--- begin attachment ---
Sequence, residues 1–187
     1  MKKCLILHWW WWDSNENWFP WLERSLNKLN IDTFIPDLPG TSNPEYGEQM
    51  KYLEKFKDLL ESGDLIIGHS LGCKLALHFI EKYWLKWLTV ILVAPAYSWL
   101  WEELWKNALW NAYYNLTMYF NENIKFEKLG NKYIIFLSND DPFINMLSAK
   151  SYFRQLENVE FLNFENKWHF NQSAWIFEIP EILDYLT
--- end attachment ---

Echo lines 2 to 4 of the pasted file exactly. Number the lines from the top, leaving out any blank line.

     1  MKKCLILHWW WWDSNENWFP WLERSLNKLN IDTFIPDLPG TSNPEYGEQM
    51  KYLEKFKDLL ESGDLIIGHS LGCKLALHFI EKYWLKWLTV ILVAPAYSWL
   101  WEELWKNALW NAYYNLTMYF NENIKFEKLG NKYIIFLSND DPFINMLSAK